02/20/2013 08:47 am ET Updated Dec 06, 2017

'Olfacio' Smell App Is A Dream Come True For Olfactory Artist Peter De Cupere (PHOTOS)

The olfactory artist Peter De Cupere creates in order to heighten awareness of the under-appreciated sense. It was love at first smell when we stumbled upon De Cupere's recent multi-sensory exhibition, complete with a sweat-drenched wall, tear-inducing dome infused with pepper and an instrument called an "olfactiano" that plays smells instead of notes.

We were thrilled, though not quite surprised, to hear of De Cupere's newest project, "Olfacio" (Latin for "smell"). The first scent recognition app employs sniffs scratch-and-sniff cards, combining two distinct smells to create a hybrid odor and a corresponding botanical drawing, depicting plants that would be more comfortable in a fantasy novel than in a textbook. We hunted down De Cupere to find out more about his dedication to the sense of scent. Scroll down for images of the app.

olfacio app

Huffington Post: How did you decide it was time to make an app dedicated to odor?

Peter De Cupere: I always had a dream, even as a little boy like a lot of young people do, and now I saw the opportunity to make this dream come true. We created after six months intensive work, "Olfacio," the first scent recognition app for the iPad. At first, we couldn't believe it ourselves, that we had really managed to create it, but the proof is there. The app is real magic, it smells the cards and there's no image recognition used. It smells! You scratch and sniff two cards and lay them on the iPad. The Smell incubator recognizes the smells and mixes them together to create a completely new flower based on the two scents. Scratch the cards once more and the created flower will always look different in form. Even if you don't scratch the cards, it still recognizes the smell, but it's more exciting to scratch them to create an even more wonderful creation. The scent intensity and the combination of which smell defines the appearance of the flower.

HP: What are examples of some of the visualized smells?


There are 10 different olfacio flowers [and] the flowers refer to the smells. So is the flower "Olfacio Rubus Idaeus Fruticosus Flores" is a refence to raspberry. On the cards is a description of what the smell is -- for this example you read "Slippery, jelly and Melting" and that is also exactly what the flower looks like. When you lay the same flower on the smell incubator on the iPad two times, you get an digital image of what this flower looks like. But the most exciting part is, of course, making mixes with the smells. I'm not going to tell all the fragrances that are used. It's important the user uses his/her imagination. The smells are on the back of the cards and this back looks the same for all the cards so there's no image recognition involved. It's just smell!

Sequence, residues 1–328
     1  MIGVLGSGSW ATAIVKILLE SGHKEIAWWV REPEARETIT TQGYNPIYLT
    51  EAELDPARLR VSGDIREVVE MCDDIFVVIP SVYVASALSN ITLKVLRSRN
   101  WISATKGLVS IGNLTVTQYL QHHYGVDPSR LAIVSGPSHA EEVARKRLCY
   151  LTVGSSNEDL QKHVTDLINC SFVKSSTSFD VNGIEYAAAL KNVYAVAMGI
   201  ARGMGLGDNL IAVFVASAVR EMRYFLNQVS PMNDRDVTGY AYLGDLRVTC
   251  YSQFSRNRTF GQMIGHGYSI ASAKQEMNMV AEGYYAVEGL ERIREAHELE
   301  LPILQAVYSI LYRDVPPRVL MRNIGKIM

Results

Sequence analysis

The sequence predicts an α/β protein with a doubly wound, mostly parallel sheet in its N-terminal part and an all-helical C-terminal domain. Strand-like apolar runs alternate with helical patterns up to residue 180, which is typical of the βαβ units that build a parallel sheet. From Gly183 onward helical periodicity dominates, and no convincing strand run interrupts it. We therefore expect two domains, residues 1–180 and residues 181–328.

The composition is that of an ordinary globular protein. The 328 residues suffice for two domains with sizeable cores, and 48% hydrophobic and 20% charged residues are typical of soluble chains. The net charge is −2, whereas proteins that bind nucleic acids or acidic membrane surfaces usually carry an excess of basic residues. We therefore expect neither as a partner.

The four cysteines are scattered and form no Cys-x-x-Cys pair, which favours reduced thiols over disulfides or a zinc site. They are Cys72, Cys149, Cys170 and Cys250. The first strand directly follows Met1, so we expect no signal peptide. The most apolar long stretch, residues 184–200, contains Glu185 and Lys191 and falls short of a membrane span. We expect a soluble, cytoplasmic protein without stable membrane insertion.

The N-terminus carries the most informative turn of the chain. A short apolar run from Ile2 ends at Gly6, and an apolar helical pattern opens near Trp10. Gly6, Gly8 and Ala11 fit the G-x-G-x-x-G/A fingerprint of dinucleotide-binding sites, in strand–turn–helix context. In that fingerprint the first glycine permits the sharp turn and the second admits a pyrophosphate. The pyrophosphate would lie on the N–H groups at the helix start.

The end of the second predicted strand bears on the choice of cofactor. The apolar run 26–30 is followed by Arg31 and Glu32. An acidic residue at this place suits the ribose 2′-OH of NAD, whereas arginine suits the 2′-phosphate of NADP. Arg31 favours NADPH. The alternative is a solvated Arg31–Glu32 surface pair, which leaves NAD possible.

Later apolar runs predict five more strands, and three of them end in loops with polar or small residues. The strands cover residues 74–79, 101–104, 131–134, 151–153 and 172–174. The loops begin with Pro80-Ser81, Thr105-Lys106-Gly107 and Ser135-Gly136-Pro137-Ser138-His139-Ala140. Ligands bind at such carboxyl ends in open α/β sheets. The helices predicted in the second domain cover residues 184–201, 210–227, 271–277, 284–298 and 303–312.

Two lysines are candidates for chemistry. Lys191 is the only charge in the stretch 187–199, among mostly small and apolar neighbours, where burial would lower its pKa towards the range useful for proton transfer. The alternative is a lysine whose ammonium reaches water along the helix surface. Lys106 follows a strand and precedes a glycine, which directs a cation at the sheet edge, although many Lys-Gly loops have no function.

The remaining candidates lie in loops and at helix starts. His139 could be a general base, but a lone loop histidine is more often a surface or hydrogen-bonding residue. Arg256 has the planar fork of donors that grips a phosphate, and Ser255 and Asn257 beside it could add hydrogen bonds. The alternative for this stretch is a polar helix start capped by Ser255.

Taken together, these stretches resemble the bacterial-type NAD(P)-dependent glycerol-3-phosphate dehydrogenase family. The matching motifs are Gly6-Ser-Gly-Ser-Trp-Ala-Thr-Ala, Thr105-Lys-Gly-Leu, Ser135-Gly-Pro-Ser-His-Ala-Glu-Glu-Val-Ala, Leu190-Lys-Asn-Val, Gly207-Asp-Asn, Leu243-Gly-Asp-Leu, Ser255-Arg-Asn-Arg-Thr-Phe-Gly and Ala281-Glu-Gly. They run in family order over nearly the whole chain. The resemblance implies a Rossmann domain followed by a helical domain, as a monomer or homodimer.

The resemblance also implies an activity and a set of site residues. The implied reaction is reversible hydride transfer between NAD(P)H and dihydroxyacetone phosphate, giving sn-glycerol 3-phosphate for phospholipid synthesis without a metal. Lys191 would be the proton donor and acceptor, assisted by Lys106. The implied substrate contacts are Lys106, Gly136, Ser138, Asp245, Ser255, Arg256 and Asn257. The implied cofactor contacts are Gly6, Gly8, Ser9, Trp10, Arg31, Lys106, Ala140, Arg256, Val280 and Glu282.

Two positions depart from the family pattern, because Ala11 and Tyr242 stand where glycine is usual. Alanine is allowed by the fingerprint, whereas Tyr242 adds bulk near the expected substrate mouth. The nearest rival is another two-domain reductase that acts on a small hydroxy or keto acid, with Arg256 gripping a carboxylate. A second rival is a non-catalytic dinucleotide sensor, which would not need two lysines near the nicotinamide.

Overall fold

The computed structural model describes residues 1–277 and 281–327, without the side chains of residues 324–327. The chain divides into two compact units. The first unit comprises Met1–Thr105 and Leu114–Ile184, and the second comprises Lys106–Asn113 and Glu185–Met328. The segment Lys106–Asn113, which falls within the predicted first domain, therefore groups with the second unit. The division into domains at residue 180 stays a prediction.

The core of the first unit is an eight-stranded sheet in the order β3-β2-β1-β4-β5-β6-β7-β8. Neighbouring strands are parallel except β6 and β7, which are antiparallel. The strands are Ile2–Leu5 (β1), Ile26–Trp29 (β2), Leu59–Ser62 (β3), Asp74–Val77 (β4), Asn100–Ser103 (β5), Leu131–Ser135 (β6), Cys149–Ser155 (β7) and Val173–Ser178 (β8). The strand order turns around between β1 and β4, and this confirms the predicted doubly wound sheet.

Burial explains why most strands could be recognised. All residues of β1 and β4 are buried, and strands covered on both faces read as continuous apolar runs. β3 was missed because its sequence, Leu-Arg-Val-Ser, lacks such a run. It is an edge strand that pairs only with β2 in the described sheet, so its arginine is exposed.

Not all the fragrances smell good. There is, for example, the smell of smoke which gives a beautiful image when mixed with other scents. Or if you're curious what a flower made of earth would look like, just try it out, I would say.

HP: What is one of your favorite smells at the moment?

PDC: I'm interested in all smells, good and bad, but I don't love them all. I have a lot of favorite smells. I like the smell of skin, especially when it's from a gorgeous woman, but also men can smell great -- it's just the way how you look at it.

People should smell more. People should learn to smell good things in life. People should enjoy the smell of their partner more. But looking is not enough, smelling also not -- it's the combination of things in life that makes it more enjoyable.

See "Olfacio" in action in the slideshow below, and watch a video explanation here:

Peter De Cupere